WASHINGTON, D.C. — After long delays and high cost overruns, development of the Next Generation Air Transportation System (NextGen) is starting to get back on track, but because of program problems, users of the system are reluctant to invest in equipment for their aircraft.
The FAA has been spending about $1 billion a year since the program was launched almost nine years ago. Expenditure for the completed project is forecast to be $20 billion to $27 billion, making it one of the largest single projects undertaken by the federal government.
Calvin Scovel, Inspector General for the Department of Transportation, told a Congressional Aviation Subcommittee that the developers of NextGen have faced 900 software problems.
One area overlooked and which must be addressed is congestion at airports. Dr. Gerald Dillingham of the Government Accountability Office (GAO) said faster, more efficient movement of aircraft into airports will create more congestion unless action is taken to expand runways and ground facilities. Based on forecasts, current airports will not be able to handle all the projected traffic. Previous conditions have resulted in moving general aviation farther out. As an example, Chicago’s Midway airport had taken GA traffic as O’Hare got busier and now Midway is busy with airline flights. Dillingham told the legislators that the developers of NextGen need to bring local communities into the planning and funding.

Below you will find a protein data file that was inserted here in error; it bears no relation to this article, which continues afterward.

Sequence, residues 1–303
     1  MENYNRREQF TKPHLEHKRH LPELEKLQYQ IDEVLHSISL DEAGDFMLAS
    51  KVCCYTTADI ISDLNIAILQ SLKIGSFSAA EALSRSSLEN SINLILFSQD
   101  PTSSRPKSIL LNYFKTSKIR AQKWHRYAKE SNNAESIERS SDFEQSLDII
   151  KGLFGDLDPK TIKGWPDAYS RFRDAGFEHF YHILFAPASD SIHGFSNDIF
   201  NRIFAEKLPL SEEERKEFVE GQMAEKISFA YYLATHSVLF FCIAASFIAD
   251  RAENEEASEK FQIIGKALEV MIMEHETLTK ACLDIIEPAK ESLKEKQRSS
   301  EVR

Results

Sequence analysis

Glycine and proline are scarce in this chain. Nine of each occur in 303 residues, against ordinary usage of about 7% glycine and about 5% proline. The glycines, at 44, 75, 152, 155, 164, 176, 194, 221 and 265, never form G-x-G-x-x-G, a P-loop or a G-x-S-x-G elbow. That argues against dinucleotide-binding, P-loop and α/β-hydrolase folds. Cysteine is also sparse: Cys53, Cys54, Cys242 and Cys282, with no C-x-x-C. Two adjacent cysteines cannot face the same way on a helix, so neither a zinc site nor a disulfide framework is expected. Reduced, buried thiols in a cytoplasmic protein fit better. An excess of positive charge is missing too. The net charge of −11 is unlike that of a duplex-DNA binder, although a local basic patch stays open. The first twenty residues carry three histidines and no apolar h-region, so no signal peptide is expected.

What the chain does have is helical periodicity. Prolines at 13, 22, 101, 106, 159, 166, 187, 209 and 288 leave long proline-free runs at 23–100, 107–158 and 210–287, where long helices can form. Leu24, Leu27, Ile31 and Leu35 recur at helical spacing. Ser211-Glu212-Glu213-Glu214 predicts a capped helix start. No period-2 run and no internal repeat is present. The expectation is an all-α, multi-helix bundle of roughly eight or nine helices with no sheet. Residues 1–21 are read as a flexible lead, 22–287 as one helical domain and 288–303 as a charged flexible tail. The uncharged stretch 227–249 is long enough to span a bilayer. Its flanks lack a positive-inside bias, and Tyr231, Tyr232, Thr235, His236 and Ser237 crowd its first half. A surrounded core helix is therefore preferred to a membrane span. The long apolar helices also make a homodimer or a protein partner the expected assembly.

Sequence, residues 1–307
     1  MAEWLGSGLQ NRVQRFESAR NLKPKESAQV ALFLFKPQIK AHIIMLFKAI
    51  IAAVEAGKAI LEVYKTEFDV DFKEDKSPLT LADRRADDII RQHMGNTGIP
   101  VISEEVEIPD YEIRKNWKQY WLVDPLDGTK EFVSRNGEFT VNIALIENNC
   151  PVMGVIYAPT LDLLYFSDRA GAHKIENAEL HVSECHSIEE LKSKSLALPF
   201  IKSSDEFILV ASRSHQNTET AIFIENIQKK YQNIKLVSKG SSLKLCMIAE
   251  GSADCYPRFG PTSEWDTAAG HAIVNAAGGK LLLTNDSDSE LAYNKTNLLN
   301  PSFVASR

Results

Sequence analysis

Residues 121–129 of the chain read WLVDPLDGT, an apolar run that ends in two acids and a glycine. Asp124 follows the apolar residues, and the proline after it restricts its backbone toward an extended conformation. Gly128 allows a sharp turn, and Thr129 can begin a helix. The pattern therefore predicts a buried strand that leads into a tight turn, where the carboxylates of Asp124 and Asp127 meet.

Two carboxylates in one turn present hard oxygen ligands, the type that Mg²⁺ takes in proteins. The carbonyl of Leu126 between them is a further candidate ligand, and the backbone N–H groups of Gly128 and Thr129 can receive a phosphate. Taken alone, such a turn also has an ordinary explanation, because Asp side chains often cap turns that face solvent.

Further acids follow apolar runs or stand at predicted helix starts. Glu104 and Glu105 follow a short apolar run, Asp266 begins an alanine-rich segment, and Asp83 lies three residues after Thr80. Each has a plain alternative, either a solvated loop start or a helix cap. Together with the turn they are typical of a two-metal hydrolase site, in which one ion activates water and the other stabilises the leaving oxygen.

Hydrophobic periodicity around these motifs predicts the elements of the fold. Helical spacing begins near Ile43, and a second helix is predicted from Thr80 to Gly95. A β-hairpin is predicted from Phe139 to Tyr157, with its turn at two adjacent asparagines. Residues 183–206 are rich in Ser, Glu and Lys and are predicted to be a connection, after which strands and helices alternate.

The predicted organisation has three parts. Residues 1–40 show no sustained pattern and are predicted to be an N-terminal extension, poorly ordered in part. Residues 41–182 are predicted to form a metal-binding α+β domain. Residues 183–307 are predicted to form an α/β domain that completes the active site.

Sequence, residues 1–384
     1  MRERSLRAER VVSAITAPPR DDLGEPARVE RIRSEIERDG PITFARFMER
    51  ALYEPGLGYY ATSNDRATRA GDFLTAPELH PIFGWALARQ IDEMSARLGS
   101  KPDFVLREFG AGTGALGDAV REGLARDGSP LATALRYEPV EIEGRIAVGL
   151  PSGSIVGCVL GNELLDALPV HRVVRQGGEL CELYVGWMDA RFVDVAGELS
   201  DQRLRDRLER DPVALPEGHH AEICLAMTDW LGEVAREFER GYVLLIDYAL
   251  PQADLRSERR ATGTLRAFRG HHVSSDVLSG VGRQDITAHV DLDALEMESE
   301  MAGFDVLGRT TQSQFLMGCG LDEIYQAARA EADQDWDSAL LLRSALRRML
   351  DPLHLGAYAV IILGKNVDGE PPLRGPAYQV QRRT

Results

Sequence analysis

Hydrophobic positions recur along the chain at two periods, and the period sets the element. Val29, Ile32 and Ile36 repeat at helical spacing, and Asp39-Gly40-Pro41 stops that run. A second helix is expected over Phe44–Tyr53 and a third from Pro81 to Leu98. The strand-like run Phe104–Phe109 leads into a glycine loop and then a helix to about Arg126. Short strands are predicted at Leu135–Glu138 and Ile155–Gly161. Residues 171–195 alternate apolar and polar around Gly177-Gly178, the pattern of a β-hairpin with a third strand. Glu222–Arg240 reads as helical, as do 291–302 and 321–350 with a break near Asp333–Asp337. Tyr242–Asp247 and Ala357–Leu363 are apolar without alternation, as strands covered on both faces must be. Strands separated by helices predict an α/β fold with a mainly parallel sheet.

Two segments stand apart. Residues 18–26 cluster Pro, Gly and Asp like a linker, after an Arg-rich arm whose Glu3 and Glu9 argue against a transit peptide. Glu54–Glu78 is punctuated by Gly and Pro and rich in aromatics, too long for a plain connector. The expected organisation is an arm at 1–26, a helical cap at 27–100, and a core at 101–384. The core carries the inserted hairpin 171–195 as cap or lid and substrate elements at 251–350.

Bringing others into the planning has started the turn around. Air traffic controllers, airline organizations, general aviation and others now meet with FAA. Panelists affirmed support for NextGen and emphasized the importance of being in the loop as the program progresses. These panelists spoke for the National Air Traffic Controllers Association, general aviation, the airline industry, and the Port of New York Authority.
Getting the project on the way to meeting schedules and staying within costs began some two years ago when Michael Huerta was hired as assistant administrator of the FAA and put in charge of the program. Since the resignation of administrator Randy Babbitt, he has been acting administrator, wearing both hats as FAA boss and the person in charge of NextGen.
Subcommittee members, critical of past delays and budget overruns, pressed Huerta to keep the program on track, to keep them informed about progress, and make sure private industry stays involved.
As one representative chided, delays in the past makes him think the program should not be called just NextGen but Next-Next, NextGen.
Charles Spence is General Aviation News’ Washington, D.C., correspondent.